van Dijk, T. (1998) Ideology : A Multidisciplinary Approach.  London: Sage.

Wodak, R. & Meyer, M. (2001) (eds.)  Methods of Critical Discourse Analysis.  London : Sage.

Wodak, R. (1989) “Introduction”.  In R. Wodak (ed.) Language, Power and Ideology.  Amesterdam : Benjamins.

Wodak, R. (2000) “Does Sociolinguistics Need Social Theory?  New Perspective on Critical Discourse Analysis”.  Discourse & Society, 2 (3) : 123-147.

PERSONAL STATEMENT

          During the final year of M.A. in linguistics at the Department of Linguistics, the University of Delhi, we had fruitful discussions, under the supervision of Professor Agnihotri in our sociolinguistics classes, on how language in its everyday as well as professional usage enables us to understand issues of social concern. These discussions made me conscious to the relationship between language and power. Meanwhile I had the wonderful opportunity to attend in a course work chaired by Professor John Gumperz at the Department of Linguistics, the University of Delhi about theories and methods of discourse analysis. These provided an important stimulus for me to plan to work on the role of language in social life and since in the 7th presidential election in Iran two different discourses based on two different ideologies faced and challenged each other, I decided to work on the discourse analysis of this presidential election to show how language is theorized in relation to power and ideology?. How do powerful groups control public discourse? How does such discourse control mind and action of (less) powerful groups, and what are the social consequences of such control? and I hope at the end of this research project by answering at least to some of these questions, I could contribute to the development of this field.

Chapter Two

Conceptual Framework of Discourse

            The concept of discourse plays an increasingly significant role in contemporary social science. Although originating in disciplines such as linguistics and semiotics, it has been extended to many branches of the human and social sciences. Scholars in academic disciplines as diverse as anthropology, history and sociology psychoanalysis and social psychology; cultural, gender and post-colonial studies political science, public policy analysis, political theory and international relations, not to mention linguistics and literary theory, have used the concept of discourse to define and explain problems in their respective fields of study (Howarth 2002:1). Therefore, discourse is a difficult concept, largely because there are so many conflicting and overlapping definitions formulated from various theoretical and disciplinary standpoints (see van Dijk 1985a and Mcdonell 1986 for some range).

            Discourse is used across the social sciences in a variety of ways , often under the influence of Foucault. Discourse is used in a general sense for language (as well as , for instance , visual images) as an element of social life which is dialectically related to other elements. Discourse is also used more specifically : different discourses are different ways of representing aspects of the world.

          Fairclough (2003: 124) views discourses as a way of representing aspects of the world – the processes, relations and structures of the material word , the ‘mental world’ of thoughts, feelings beliefs and so forth, and the social world”. Particular aspects of the world may be represented differently, so we are generally in the position of having to consider the relationship between different discourses. Different discourses are different perspectives on the world, and they are associated with the different relations people have to the world , which in turn depends on their positions in the world, their social and personal identities , and the social relationships in which they stand to other people. Discourses not only represent the world as it is (or rather is seen to be) , they are also projective , imaginaries , representing possible worlds which are different from the actual world, and tied in to projects to change the world in particular directions. The relationships between different discourses are one element of the relationships between different people – they may complement one another, compete with one another, one can dominate others , and so forth. Discourses constitute part of the resources  which people deploy in relating to one anotherkeeping separate from one another, cooperating, competing, dominatingand in seeking to change the ways in which they relate to one another.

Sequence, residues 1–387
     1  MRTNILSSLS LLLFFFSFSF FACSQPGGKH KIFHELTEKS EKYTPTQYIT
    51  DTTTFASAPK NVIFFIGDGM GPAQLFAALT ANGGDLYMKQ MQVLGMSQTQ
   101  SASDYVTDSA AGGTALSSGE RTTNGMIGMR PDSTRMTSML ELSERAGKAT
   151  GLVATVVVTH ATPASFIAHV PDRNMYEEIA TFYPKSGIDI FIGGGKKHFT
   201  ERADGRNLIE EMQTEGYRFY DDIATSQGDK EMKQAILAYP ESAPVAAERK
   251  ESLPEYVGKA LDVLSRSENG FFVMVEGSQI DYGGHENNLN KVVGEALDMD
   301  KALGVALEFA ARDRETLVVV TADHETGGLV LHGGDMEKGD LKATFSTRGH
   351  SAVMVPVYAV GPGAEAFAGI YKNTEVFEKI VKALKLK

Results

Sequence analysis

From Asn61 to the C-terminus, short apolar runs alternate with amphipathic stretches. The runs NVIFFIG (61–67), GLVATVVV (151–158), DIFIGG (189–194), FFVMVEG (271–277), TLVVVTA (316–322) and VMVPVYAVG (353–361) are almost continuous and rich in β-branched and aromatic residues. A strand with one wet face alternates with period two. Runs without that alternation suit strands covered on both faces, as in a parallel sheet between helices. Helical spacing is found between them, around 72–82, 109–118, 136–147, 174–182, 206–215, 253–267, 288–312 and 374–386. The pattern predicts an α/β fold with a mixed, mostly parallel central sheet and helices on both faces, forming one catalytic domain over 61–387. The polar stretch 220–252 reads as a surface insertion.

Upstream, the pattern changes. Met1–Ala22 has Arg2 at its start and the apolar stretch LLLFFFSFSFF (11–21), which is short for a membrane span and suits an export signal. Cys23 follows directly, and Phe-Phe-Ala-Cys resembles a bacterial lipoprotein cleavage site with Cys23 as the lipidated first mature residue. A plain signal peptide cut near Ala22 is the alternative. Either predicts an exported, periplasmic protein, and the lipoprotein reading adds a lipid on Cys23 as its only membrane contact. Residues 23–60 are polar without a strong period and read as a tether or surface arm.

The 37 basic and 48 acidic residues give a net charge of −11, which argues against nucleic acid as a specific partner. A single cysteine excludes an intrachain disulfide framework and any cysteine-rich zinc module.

Coupland and Jaworski (2001: 148) combine two fundamental approaches to discourse : “as language–in- use and language use relative to social, political and cultural formulations - it is language reflecting social order but also language shaping social order, and shaping individuals' interaction with society". This is the key factor explaining why so many academic disciplines entertain the notion of discourse with such commitment. Discourse falls squarely within the interests not only of linguists, literary critics, critical theorists and communication scientists, but also of geographers, philosophers, political scientists, sociologists, anthropologists, social psychologists, and many others. Despite important differences of emphasis, discourse is an inescapably important concept for understanding society and human responses to it, as well as for understanding language itself.

 

2.1.1.  DEFINING THE CONCEPT OF DISCOURSE:

            Originally, the term discourse came from Latin, discursus, meaning ‘to run', `to run on', ‘to run to and fro'. Historically, it has been applied more to rehearsed forms of spoken language like speeches, where people ‘run on' about a topic than to spontaneous speech. The modern meaning of discourse as encompassing all forms of talk has evolved because conversations, like formal speeches, `run'. This means that speakers make an effort to give their interactions shape and coherence not consciously, but as an integral part of co-operating with another speaker to make meaning. So when people refer to talk as discourse they are drawing attention to the way talk is crafted medium (Carter et al. 1997: 165-6).